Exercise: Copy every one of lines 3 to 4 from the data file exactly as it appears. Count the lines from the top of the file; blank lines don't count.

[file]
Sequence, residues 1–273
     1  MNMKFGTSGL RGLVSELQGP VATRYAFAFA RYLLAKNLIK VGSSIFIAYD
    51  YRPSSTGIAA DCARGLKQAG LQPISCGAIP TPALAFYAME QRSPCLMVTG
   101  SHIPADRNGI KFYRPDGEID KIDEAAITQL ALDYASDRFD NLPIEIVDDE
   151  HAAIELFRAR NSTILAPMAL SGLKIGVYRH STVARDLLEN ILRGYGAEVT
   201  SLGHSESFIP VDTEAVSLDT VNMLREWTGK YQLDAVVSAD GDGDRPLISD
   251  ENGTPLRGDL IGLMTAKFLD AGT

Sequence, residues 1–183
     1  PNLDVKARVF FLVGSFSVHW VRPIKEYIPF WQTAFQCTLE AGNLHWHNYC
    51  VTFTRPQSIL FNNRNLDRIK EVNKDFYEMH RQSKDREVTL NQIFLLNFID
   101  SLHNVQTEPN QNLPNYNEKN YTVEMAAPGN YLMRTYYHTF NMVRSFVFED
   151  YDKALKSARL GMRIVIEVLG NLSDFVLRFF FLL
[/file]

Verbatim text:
    51  YRPSSTGIAA DCARGLKQAG LQPISCGAIP TPALAFYAME QRSPCLMVTG
   101  SHIPADRNGI KFYRPDGEID KIDEAAITQL ALDYASDRFD NLPIEIVDDE